Another important factor is the amount of natural reproduction occurring in the lake, offsetting a percentage of the stocking reductions and certainly an important component when managing the lake. Based on recent studies, biologists figure that nearly 50 percent of all salmon in the lake right now are the result of natural reproduction. On the north shore of the lake, the Province of Ontario has rivers with strong runs of Pacific salmon that have never received stockings.
For New York, the number one tributary for natural reproduction is the Salmon River in Oswego County. It’s the same tributary that is home to the Salmon River Fish Hatchery, supplier of all the Pacific salmon for the Empire State in Lake Ontario. It is also the number one stocking location for Chinook salmon in the state and throughout the entire lake.
Combine that with a record high year for Salmon River natural reproduction in 2016, a third place ranking for 2015 and a fifth place in 2017, the future is bright, especially in the Salmon River Corridor. That’s where the majority of fish will return when they mature, leaving wherever they may have been hanging out. It’s an urge that they can’t fight.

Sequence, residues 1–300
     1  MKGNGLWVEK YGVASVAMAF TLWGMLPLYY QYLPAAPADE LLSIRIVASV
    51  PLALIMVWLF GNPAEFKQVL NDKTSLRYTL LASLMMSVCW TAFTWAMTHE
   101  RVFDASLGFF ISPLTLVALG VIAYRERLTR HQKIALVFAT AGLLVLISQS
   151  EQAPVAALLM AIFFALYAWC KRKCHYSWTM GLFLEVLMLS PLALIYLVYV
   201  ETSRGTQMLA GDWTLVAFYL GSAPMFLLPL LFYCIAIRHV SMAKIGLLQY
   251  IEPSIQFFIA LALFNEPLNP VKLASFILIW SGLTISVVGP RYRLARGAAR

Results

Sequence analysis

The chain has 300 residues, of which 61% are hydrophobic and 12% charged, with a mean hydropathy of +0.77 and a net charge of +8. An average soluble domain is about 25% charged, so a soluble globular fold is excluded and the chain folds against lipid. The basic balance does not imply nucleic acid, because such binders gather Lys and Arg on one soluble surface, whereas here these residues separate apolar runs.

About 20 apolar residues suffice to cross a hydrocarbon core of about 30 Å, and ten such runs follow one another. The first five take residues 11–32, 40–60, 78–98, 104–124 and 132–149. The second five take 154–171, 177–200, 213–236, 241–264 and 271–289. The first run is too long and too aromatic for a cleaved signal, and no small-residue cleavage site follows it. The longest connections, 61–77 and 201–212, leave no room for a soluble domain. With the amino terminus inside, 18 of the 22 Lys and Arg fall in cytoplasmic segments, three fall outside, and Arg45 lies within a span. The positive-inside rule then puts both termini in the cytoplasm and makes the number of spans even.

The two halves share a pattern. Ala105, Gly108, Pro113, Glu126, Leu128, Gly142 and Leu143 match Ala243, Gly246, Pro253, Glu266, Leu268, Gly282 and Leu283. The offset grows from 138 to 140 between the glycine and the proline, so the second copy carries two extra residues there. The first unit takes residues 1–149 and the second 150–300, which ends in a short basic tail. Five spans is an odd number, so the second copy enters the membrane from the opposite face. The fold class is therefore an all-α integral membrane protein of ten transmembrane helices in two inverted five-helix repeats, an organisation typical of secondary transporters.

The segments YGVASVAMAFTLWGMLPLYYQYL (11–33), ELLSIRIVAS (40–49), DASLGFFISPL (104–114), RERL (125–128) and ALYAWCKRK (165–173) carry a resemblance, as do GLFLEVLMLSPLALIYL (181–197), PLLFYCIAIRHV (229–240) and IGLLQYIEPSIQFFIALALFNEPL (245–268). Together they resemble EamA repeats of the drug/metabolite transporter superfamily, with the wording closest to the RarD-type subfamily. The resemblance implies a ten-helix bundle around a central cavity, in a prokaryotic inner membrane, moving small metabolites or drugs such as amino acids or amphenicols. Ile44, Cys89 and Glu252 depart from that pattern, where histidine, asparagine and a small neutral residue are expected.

There are other factors that need to be considered. Based on recent studies involving pen rearing projects along the south shore of the lake, biologists have determined that pen reared fish survive better than 2 to 1 than direct stocked salmon. Pen rearing projects were started back in 1998 as a means to increase the survival of stocked fish and also help with the imprinting process for the salmon. If a salmon thinks that the water it is stocked in is its “home,” it will return 3 or 4 years later when it matures to complete the circle of life.
So far, this process has been working … for the most part.
Timing is critical as to when the fish are received and when they are released 3 week later. They must arrive when the water temperatures are within a few degrees (less than 10 degrees) of the hatchery truck. The stream or river must also be much less than 60 degrees, the temperature at which the fish must be released from the pens. The fish must arrive small (usually 125 to 150 to the pound) so that the salmon can grow through the imprinting process and identify to a particular water body. These fish are normally released when they have nearly doubled in size.